Netflix's "Castlevania" broke the video game adaption curse when it first premiered in 2017. By using what worked in the source material and jettisoning out elements that didn't, the show was able to tell a story that couldn't be done justice in the medium that it originated in.

Season 3 is the "Empire Strikes Back" of this series- the dark middle chapter where more complex themes are explored and the heroes are not the same at the end as they once. Though this season has its fair share of complex dialogue, raunchy humor, and stylish violence, it's unfortunately undermined by meandering subplots and uneven pacing.

What a horrible night to have a curse

The first two seasons had the benefit of a clear and tangible goal: kill Dracula. His death leads the heroes to part ways and the surviving villains to lick their wounds and plan their next attack. The subplots centered on Trevor, Sypha, Hector, and Isaac shine well with character driven scenes and interesting inter-personal conflicts, but it seems that Carmila and Alucard have been drawn the short stick this time.

Triumphant over the victory against Dracula, Sypha has convinced Trevor to join her in protecting Wallachia from monsters. Eventually, the two make it to a small town that seems to be filled with worshipers of Dracula. Trevor wants nothing more than to hightail it before trouble starts, but the ever optimistic Sypha can't turn down help to those in need.

What follows is a grim conspiracy that'll force Trevor and Sypha to confront a force that sinks to the depths of depravity. Their resolution and character arc was my favorite of this season as Sypha gets to know what it's like to see the world through Trevor's cynical eyes.

Carmilla stole the show last season with her Machiavellian schemes and dark sense of humor.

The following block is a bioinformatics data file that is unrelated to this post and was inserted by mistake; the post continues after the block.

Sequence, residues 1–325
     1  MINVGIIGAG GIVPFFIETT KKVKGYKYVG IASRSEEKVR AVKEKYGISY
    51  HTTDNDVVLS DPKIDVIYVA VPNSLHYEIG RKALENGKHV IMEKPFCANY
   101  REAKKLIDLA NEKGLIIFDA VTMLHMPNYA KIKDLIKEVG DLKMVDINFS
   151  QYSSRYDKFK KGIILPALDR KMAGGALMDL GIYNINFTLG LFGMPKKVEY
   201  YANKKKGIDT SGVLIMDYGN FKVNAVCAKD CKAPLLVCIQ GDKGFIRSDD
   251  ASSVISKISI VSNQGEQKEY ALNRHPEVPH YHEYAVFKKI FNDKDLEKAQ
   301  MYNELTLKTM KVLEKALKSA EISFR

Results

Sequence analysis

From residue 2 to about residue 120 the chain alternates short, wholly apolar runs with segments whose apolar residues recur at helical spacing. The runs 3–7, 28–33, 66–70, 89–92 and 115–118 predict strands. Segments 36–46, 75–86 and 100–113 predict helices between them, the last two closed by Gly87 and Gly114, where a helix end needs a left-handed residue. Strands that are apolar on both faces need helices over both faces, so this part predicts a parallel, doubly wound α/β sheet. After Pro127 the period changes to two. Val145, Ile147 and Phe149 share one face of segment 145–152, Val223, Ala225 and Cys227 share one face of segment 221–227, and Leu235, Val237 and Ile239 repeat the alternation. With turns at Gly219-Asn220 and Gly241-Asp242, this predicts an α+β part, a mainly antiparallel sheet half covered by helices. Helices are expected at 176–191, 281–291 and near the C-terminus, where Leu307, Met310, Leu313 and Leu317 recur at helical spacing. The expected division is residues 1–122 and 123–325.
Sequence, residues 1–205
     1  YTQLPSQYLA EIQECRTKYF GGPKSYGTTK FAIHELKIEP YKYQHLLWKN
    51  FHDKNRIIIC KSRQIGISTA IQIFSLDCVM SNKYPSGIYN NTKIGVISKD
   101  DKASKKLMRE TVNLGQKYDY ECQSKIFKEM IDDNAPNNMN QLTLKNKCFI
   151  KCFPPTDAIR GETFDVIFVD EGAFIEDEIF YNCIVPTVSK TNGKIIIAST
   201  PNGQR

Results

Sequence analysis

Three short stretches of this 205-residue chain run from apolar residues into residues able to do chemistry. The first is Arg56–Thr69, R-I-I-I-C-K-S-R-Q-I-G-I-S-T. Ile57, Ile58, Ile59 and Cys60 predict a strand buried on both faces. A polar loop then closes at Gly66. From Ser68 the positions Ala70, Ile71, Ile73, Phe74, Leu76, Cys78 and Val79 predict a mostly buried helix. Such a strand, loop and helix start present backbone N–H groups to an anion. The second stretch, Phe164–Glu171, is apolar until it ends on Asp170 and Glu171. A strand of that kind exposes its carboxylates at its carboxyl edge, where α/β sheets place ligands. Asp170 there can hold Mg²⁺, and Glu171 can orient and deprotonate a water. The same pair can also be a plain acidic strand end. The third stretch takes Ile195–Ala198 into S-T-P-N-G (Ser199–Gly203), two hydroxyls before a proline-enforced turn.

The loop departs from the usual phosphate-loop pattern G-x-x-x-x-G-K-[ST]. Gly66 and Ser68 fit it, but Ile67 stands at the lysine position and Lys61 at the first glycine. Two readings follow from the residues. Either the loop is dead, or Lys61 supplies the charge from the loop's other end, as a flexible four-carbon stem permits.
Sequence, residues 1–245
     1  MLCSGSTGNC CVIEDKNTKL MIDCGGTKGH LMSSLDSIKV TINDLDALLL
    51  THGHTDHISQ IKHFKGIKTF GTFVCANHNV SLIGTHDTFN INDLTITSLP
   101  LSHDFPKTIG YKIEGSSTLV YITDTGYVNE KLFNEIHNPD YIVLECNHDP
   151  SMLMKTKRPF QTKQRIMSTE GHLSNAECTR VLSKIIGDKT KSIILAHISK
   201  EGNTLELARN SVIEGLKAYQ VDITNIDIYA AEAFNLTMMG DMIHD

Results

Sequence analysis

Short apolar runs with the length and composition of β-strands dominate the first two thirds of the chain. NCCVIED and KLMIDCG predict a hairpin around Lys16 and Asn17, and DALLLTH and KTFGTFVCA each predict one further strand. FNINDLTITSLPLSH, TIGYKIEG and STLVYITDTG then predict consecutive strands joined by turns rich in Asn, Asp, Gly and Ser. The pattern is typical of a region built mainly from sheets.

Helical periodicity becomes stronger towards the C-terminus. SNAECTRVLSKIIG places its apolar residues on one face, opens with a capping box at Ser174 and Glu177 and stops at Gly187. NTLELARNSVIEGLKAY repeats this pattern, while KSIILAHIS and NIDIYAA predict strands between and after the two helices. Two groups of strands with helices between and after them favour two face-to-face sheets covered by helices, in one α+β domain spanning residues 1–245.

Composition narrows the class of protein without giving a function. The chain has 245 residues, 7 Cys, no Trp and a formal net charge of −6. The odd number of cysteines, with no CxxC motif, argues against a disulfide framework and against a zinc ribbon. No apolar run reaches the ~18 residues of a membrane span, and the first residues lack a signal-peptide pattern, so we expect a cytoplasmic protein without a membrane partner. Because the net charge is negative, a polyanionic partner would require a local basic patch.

While Dracula was a superb antagonist during the two seasons, I was confident that she could take his place as the next big vampire baddie. Sadly, she and most of her sisters are criminally underutilized as they do almost nothing the entire season. Lenore is the sole exception as her subplot with Hector deals with differing ideologies and the art of diplomacy.

The sisters need Hector's forging skills to build their army, but Carmilla's betrayal and abuse has understandably made him uncooperative. Lenore aims to earn his loyalty while Hector tries to find some means of escape. It's the most verbose subplot of the season with little to no action, but lots of moral ambiguity and intrigue.


Alucard is still dealing with the death of his father and isolation is starting to take its toll on him. It's then that two young warriors from Japan named Taka and Sumi approach him and ask him to train them in the art of vampire killing. The prospect of teaching a new generation of monster hunters and some long needed companionship convince Alucard to take them under his wing.

Unfortunately, Taka and Sumi are as dull as dishwater and they simply lack the chemistry that Trevor and Sypha had with Alucard. Though it's implied that they're not exactly as they seem, their lack of charisma and depth don't help an emotional payoff that feels rushed and unearned.

Lastly, Isaac and his army seek to exact their revenge on Hector for his betrayal and eventually create an army large enough to eradicate all the humans in the world. However, when he meets a sea captain who treats him with honor and respect, Isaac starts to find himself conflicted as to whether Dracula's cause was really as just and noble as he previously thought. Eradicating humanity would rid the world of human cruelty, but it would also rid it of human kindness as well.

Let us go out this evening for pleasure

The strength in this series has always been its characters, dialogue, and action. Season 3 does not disappoint in this front. Standout performances include Bill Nighy as the sardonic and sly Saint Germain, Lance Reddick as the charming and world weary sea captain, and Jessica Brown Findlay as the sophisticated and cunning Lenore.

The first season gave us a taste of what a great "Castlevania" adaption could be with the second season delivering on that promise. The third season shows that there's still some life in this series with great character arcs and darker storytelling. While the pacing suffers a bit compared to the first few seasons, it seems clear that seeds are being planted that'll pay off later. The last scene in particular teases a sinister and clever subversion of the canon in the games. Despite some issues, I'm able to recommend "Castlevania" season 3.